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Hong Kong singer goes ahead with concert pulled by Lancome

2 min

Hong Kong (AFP)

A pro-democracy Hong Kong singer Sunday staged a free concert after sponsor Lancome pulled out -- allegedly due to pressure from mainland China -- and urged her audience to fight repression.

Playing her guitar on an open-air stage, Denise Ho sang to hundreds of waving fans packed onto the streets of the Sheung Wan district in a 90-minute show.

The gig was originally organised by the French cosmetics giant but was axed by Lancome earlier this month citing "possible safety reasons".

That decision prompted protests at the brand's beauty counters in the city and calls to boycott its products.

Many in the semi-autonomous southern Chinese city believe the move was a reaction to comments in Chinese state-run media. These criticised Lancome for cooperating with the singer.

The cancellation came amid growing fears that Beijing is tightening its grip on the city.

Ho went ahead with the concert despite the lack of sponsorship and made it free of charge.

"In Hong Kong, suppression is going on... we need to resist," she told reporters.

"Even when we don't speak up the suppression will not go away, more will happen," she said.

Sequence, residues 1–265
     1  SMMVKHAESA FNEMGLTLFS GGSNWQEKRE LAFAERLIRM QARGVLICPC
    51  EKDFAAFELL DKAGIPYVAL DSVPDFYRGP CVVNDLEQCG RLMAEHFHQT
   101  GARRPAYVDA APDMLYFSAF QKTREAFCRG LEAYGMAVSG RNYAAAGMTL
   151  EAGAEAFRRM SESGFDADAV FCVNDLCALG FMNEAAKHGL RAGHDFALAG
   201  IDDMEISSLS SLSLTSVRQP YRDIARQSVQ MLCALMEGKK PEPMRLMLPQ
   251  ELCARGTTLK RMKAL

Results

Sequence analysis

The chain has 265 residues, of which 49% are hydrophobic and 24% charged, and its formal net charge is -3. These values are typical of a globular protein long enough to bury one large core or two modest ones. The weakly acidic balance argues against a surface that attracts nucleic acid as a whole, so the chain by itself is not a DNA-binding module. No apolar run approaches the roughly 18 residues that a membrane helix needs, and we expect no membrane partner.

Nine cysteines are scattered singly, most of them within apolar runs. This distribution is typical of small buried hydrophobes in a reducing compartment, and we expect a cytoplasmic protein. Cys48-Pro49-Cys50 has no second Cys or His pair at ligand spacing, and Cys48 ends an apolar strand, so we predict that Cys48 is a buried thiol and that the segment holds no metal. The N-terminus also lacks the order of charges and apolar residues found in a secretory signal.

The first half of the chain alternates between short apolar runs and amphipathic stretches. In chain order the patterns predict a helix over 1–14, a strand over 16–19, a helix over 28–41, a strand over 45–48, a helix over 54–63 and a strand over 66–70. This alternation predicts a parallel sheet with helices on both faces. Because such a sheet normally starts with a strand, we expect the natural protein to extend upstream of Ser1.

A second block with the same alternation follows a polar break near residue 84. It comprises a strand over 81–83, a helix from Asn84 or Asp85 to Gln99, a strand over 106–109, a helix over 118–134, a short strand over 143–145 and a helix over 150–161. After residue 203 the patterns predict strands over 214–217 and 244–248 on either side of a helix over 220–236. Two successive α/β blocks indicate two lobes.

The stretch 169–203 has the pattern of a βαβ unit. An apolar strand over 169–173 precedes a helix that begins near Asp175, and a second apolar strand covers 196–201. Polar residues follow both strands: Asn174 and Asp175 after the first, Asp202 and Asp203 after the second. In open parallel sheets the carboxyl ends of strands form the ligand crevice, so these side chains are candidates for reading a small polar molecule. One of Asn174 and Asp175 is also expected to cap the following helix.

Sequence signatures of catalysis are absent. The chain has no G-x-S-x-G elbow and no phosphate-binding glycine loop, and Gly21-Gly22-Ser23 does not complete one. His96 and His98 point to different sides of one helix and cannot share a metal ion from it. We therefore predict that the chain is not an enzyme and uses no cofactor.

She said other brands which had been interested in partnerships with her pulled out after the controversy over the concert.

Concertgoer Venus Lau said she supported Ho for reminding Hong Kong people they are free.

"We have our freedom to speak whatever we want," Lau said.

Hong Kong was returned to China in 1997 under a "one country, two systems" agreement and enjoys much greater liberties than mainland China.

But there are growing fears its freedoms and semi-autonomous status are under threat in areas ranging from politics to education and media.

On Saturday more than 1,000 people took to the streets to protest at the detention in China of a Hong Kong bookseller known for titles critical of Beijing.

Lam Wing-kee made explosive revelations last week of his gruelling ordeal at the hands of the Chinese authorities, including being blindfolded and interrogated during an eight-month detention.

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